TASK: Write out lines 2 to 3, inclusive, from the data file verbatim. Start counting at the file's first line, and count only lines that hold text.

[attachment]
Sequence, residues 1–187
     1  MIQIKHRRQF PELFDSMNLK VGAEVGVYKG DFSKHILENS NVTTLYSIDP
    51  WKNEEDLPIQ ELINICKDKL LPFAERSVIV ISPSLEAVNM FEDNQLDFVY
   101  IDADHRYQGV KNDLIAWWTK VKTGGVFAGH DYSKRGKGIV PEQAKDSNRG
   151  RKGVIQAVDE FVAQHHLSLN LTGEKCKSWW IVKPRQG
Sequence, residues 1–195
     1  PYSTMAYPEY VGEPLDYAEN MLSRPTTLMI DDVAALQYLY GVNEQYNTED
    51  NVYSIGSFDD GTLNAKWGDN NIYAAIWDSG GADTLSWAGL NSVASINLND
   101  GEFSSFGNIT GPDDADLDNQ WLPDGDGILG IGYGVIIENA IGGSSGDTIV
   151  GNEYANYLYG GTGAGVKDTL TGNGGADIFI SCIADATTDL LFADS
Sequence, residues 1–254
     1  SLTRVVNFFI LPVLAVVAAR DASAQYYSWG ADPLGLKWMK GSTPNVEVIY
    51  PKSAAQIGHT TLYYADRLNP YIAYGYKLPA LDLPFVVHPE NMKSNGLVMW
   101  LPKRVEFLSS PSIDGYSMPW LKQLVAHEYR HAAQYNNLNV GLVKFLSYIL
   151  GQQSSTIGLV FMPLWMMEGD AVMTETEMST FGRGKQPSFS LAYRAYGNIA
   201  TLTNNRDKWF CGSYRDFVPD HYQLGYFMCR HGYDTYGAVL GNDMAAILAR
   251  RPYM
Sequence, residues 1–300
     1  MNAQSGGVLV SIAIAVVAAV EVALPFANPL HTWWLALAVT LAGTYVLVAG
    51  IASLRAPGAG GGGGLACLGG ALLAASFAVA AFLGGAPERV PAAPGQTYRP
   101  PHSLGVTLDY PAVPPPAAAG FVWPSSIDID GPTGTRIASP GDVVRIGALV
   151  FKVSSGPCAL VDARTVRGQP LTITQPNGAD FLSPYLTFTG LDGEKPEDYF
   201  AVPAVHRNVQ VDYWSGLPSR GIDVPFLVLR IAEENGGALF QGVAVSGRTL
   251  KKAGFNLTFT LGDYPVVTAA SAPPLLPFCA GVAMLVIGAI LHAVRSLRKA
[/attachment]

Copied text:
     1  MIQIKHRRQF PELFDSMNLK VGAEVGVYKG DFSKHILENS NVTTLYSIDP
    51  WKNEEDLPIQ ELINICKDKL LPFAERSVIV ISPSLEAVNM FEDNQLDFVY